A Dark Matter Detector Recorded the Rarest Event in Science

A Dark Matter Detector Recorded the Rarest Event in Science

Scientists have recorded the rarest event to ever been detected: a special type of radioactive decay in xenon-124. In their search for the elusive particle, they observed something else entirely. They are hunting for dark matter using an incredibly powerful detector full of liquid xenon.

The research was published in Nature on April 24. The project consisted of over 160 scientists aiming to discover dark matter using the XENON1T detector.

“We actually saw this decay happen,” says one of the researchers, Ethan Brown from the Rensselaer Polytechnic Institute (RPI) in New York. “It’s the longest, slowest process that has ever been directly observed, and our dark matter detector was sensitive enough to measure it.”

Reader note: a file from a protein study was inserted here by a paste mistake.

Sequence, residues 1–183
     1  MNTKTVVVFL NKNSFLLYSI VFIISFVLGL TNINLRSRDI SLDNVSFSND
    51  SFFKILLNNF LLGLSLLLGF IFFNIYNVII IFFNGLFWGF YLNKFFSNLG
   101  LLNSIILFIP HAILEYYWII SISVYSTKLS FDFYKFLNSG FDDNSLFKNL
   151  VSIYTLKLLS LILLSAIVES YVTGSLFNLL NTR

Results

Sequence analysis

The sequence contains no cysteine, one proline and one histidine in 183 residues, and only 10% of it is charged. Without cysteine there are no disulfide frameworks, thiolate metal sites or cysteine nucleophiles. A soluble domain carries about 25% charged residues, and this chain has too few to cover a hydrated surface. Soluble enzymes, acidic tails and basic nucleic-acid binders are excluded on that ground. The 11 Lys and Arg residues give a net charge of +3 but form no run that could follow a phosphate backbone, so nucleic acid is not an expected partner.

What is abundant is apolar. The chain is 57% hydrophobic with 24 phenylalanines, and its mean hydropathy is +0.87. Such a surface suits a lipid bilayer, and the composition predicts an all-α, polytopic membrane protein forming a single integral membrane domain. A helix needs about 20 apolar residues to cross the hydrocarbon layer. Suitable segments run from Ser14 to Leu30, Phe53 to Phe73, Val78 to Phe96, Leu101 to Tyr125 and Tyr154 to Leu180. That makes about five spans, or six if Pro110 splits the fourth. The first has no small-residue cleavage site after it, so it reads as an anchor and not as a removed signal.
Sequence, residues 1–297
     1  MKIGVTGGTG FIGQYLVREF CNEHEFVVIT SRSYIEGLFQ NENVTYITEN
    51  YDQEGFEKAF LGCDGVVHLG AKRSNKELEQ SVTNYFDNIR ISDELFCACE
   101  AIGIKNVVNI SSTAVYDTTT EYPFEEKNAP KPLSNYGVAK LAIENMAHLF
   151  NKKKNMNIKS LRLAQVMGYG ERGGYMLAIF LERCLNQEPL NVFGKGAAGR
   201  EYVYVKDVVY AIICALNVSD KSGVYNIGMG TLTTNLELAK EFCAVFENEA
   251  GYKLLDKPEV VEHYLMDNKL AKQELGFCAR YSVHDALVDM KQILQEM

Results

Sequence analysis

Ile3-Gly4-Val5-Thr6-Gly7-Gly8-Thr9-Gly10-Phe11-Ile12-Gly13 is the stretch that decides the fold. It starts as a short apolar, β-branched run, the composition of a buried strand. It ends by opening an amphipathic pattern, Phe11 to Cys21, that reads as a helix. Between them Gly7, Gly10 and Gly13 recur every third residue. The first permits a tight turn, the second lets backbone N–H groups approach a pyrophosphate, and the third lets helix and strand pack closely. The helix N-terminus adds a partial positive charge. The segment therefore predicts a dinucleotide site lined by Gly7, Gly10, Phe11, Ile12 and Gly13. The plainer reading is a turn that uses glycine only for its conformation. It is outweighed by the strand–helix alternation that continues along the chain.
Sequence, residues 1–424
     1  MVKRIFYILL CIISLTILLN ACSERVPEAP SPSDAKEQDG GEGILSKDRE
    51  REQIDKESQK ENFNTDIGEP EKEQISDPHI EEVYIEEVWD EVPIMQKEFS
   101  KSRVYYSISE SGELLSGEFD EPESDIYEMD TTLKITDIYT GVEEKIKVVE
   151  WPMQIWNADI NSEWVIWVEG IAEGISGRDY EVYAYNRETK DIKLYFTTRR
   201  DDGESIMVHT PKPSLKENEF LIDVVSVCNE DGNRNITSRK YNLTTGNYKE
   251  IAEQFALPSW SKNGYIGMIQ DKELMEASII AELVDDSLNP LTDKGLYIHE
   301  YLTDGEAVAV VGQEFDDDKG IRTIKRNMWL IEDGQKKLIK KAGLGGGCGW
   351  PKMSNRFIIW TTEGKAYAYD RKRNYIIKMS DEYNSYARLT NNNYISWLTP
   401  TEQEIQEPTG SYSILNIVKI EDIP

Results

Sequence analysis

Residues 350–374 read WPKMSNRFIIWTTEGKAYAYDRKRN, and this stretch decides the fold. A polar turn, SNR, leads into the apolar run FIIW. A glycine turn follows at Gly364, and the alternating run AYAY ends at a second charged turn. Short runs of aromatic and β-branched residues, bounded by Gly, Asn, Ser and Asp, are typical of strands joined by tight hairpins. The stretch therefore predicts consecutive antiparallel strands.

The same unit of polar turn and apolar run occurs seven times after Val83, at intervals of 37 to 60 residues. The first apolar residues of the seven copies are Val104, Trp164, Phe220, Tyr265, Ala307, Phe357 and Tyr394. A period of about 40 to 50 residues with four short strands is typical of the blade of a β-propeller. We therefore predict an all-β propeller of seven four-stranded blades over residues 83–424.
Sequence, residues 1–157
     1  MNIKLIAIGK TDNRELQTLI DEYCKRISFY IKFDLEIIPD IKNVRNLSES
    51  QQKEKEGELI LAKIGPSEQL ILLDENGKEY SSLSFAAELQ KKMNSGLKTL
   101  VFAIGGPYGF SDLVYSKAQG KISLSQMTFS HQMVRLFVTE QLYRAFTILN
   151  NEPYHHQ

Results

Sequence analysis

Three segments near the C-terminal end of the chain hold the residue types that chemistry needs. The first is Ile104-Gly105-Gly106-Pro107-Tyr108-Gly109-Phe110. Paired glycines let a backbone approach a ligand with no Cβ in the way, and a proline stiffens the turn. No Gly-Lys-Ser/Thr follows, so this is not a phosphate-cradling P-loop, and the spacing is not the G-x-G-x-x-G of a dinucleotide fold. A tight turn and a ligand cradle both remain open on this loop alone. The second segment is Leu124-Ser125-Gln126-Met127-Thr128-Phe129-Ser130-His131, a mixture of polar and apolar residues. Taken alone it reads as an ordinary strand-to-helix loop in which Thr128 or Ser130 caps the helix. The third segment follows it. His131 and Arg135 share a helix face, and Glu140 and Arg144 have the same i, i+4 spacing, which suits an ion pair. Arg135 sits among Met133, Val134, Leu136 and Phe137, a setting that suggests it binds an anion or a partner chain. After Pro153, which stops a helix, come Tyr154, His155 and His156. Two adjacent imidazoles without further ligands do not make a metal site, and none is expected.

“Drugs are absorbed by the body with a half-life of minutes to hours, organisms reproduce with a half-life of days or years, chemical reactions happen with a half-life of seconds,” explains Ethan Brown, a co-author on the study. “The half-life for this process is the slowest one ever observed, more than a trillion times longer than the entire history of the universe.”

Xenon-124 is considered the rarest event known to science because its half-life is 1.8 × 10^22 years (18,000,000,000,000,000,000,000).

“It’s amazing to have witnessed this process, and it says that our detector can measure the rarest thing ever recorded.”

“Electrons in double-capture are removed from the innermost shell around the nucleus, and that creates room in that shell,” says Brown. “The remaining electrons collapse to the ground state, and we saw this collapse process in our detector.”

Source: Text; www.sciencealert.com, www.cnet.com

Image credit; www.cnet.com